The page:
Trains For America

More choices for better transportation

Transportation is more than just moving people

This Sunday’s New York Times op-ed page was all about transit. One article that particularly caught my attention was a piece by Jeffrey Zupan about making transportation more appealing for riders. In the process he mentions the infamous Penn Station debacle, and suggests that centers of transportation should be places that citizens can take pride in.

And there are things that can be built to make us proud, like at Pennsylvania Station, the busiest intercity and commuter rail station in the nation, which, unlike the magnificent Grand Central Terminal, has not seen an awestruck tourist since the original station was torn down almost 50 years ago. A new Moynihan Station on Eighth Avenue would be a gateway that would attract rather than repel visitors and business travelers.

As our transit system improves, we could devote public space now consumed by moving and storing cars to uses like walking and biking. Our transit stations should be magnets for intelligent and environmentally sensitive land-use planning.

Unfortunately, this “civic pride” aspect of transportation planning has been neglected for years. For every Grand Central Terminal left in country, there’s a Penn Station. For every neighborhood transit station, there’s one that’s stuck in the median of a humoungous interstate. In the same vein, there’s a reason people dislike the dehumanizing experience they have to go through at the airport. This isn’t a “rail romance” blog, but as we look towards a less fuel-dependent future, we need to consider transportation’s effect on the community and indeed the traveler himself. Failing to do so fifty years ago was part of what brought us into this mess in the first place.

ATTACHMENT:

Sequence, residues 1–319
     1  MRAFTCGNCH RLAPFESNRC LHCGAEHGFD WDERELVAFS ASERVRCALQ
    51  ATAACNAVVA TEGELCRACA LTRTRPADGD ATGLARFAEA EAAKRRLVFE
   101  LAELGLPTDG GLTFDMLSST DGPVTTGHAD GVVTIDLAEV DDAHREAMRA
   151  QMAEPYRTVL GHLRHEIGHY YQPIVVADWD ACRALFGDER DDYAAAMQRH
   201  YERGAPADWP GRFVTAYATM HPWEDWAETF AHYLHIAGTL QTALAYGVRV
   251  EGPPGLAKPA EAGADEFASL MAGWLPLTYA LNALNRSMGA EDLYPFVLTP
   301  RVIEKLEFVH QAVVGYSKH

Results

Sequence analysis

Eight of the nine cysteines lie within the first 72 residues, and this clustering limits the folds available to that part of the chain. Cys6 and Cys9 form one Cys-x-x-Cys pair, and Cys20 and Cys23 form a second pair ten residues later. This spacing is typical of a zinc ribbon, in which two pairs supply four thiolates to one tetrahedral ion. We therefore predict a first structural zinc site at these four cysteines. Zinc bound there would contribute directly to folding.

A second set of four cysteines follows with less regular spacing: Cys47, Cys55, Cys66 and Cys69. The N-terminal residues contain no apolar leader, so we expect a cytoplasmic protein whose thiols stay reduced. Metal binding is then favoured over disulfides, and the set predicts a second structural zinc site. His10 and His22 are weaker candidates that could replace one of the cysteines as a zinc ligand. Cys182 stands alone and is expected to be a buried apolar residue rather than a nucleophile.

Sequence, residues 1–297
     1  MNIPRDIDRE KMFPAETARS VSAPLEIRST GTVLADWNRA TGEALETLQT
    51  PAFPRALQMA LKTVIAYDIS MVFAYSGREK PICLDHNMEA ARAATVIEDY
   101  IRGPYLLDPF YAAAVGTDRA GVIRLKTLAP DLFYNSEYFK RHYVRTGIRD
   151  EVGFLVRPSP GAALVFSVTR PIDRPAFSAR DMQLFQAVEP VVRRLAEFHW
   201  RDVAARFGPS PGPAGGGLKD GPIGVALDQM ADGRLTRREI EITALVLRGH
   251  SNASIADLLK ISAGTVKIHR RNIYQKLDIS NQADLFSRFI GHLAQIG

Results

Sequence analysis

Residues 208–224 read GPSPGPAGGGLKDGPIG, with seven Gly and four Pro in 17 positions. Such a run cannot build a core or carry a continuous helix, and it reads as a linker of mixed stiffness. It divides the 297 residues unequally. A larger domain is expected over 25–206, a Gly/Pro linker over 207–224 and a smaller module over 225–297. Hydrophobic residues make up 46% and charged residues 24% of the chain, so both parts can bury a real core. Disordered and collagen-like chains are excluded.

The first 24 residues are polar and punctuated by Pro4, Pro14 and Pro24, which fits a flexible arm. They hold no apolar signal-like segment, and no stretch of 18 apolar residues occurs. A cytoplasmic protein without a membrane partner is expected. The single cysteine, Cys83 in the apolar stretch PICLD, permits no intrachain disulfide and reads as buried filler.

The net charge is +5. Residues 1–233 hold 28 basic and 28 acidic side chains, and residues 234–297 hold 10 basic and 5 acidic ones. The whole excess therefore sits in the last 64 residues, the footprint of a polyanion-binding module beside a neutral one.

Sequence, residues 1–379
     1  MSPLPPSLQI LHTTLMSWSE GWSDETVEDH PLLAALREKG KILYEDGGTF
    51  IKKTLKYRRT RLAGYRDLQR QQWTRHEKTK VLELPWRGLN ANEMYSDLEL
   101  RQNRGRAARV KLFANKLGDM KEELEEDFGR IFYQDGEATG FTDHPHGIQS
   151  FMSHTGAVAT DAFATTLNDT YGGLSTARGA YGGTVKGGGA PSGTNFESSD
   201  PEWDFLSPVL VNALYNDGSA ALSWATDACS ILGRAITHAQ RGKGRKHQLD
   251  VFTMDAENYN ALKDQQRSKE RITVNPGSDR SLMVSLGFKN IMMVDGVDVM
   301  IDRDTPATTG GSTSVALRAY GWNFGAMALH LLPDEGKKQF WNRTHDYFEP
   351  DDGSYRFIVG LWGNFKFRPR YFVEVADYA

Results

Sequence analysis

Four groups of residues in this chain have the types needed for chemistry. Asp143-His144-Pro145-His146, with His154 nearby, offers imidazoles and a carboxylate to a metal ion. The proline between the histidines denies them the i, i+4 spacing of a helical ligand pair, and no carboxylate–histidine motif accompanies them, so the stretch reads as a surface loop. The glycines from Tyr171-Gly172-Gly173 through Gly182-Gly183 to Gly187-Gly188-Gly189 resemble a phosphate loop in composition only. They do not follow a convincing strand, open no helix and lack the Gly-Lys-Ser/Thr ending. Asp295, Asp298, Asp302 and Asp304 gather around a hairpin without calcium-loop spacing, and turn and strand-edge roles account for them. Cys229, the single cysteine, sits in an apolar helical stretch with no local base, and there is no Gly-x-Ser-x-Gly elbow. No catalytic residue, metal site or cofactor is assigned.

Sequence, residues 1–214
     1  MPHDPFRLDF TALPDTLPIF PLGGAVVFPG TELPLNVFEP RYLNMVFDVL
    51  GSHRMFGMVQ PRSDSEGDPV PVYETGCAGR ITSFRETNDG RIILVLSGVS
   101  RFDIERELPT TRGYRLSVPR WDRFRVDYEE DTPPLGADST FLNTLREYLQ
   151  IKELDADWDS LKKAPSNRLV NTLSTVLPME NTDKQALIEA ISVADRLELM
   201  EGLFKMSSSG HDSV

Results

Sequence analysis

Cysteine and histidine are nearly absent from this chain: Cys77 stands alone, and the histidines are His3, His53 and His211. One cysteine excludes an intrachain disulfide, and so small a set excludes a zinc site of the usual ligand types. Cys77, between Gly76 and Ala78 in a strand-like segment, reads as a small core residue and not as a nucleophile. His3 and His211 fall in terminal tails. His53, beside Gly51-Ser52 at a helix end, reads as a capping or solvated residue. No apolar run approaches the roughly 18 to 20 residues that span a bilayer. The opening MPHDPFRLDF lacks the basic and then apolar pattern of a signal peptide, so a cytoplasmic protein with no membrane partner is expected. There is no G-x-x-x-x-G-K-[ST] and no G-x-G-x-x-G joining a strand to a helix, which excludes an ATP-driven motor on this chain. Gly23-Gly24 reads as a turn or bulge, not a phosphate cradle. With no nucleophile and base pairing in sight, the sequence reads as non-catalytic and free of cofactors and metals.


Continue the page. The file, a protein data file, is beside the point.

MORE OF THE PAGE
Filed under: Passenger Rail Transportatio Policy, , ,

2 Responses

  1. I’m all for big symbols and nice-looking infrastructure, but when transportation systems around the country are hurting for cash, we can’t afford to spend billions on improvements that are almost entirely symbolic, like the current plans for “Moynihan Station West” in New York. We need to keep some perspective.

  2. I don’t think good design really costs that much more, and I think in the long term, its worth it. Yes transportation systems are cash strapped, but thats our choice. People keep wanting to pay as little as possible and don’t care unless its their road or their station. Then they want everyone else to pay for it.

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August 2008


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